Derek Nighbor is CEO of the Forest Products Association of Canada.
Not everyone thinks of innovation when they think of Canada’s forest products companies. But the federal government has fully recognized that the future of the forestry industry and its 230,000 workers depends on the success of its continuing commitment to innovation and sustainable development in every area of the forestry business.
The importance of this transformation was underscored by Natural Resources Minister Jim Carr in Ottawa’s response to the new round of U.S. tariffs against Canadian softwood-lumber imports. Earlier this month, Mr. Carr announced the federal government would provide $867-million in funds to help the forestry industry in the wake of the unwarranted U.S. duties aimed at Canada.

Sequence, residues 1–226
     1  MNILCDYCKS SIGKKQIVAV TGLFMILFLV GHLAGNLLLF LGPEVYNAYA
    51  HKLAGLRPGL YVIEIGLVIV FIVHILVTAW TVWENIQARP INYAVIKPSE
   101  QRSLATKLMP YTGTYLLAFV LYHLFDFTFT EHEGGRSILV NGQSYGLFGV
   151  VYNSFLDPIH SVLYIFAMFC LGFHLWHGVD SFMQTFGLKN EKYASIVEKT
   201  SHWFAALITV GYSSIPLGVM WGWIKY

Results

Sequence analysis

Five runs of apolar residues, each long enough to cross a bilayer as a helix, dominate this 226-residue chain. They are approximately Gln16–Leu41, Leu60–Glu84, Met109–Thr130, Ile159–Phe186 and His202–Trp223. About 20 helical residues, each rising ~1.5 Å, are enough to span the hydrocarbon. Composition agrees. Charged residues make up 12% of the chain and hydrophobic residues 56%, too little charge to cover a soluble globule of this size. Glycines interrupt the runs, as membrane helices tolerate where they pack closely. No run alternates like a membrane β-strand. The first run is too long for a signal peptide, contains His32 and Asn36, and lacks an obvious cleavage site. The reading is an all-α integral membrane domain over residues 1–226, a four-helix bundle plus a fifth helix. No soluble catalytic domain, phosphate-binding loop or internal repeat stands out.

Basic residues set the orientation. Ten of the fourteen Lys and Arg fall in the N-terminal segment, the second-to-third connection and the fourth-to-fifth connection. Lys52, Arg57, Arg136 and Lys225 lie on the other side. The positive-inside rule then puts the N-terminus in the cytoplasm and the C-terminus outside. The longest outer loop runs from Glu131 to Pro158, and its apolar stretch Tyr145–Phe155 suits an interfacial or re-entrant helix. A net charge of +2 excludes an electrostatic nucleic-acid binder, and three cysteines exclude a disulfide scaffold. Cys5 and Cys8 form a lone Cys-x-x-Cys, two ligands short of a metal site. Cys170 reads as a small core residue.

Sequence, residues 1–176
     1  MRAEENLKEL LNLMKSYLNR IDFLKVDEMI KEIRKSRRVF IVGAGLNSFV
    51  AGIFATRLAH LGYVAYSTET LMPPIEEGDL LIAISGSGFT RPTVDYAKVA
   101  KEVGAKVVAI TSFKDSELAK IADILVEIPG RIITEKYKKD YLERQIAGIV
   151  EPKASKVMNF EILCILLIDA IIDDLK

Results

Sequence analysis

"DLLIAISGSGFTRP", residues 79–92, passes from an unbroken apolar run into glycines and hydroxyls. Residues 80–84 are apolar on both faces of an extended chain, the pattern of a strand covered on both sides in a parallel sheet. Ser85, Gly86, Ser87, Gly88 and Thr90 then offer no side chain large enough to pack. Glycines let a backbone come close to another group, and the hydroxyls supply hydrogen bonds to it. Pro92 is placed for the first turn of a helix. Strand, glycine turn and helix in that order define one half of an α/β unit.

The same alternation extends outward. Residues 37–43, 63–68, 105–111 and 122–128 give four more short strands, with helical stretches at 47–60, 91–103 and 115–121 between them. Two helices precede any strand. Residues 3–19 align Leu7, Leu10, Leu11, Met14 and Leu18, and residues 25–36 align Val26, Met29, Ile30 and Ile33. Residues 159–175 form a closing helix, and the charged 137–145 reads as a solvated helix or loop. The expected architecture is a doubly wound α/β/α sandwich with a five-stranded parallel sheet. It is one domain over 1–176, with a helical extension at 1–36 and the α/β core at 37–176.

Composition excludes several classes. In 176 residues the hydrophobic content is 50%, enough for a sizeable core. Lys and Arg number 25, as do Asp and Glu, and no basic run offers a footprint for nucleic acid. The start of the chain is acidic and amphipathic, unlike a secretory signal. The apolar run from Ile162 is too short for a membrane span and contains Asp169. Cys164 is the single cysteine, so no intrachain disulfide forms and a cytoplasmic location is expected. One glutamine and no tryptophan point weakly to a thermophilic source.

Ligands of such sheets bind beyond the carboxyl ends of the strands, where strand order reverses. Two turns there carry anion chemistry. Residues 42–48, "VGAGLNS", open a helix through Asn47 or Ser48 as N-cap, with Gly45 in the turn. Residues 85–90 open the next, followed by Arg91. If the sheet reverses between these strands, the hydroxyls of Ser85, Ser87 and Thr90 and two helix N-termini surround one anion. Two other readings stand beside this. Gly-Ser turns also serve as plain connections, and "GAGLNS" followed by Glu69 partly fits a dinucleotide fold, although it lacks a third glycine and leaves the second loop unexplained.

In addition to critical support for forestry employees, the government earmarked a large portion of the new funding to support the sector’s wide-ranging, transformative commitment to overhaul its operations for long-term, sustainable growth. While Mr. Carr’s support package was primarily intended to assist softwood-lumber producers, funding for investments that will help all forestry products companies pursue modern, research-based operations and new markets will be available across the sector.
The importance of this support cannot be overstated. Canada is steward to 10 per cent of the world’s forests, and by embracing strong environmental standards and committing to continuous improvement, Canada’s forestry sector is recognized around the world as an environmental leader.
The sector is investing in world-leading forest management practices, introducing new technologies in its mills and plants and focusing on growing global markets.
In this transformation, a wide range of new uses are being discovered for wood fibre – everything from clothing to car parts, from cosmetics to chemicals to advanced construction systems. For example, an 18-storey student residence built from wood recently…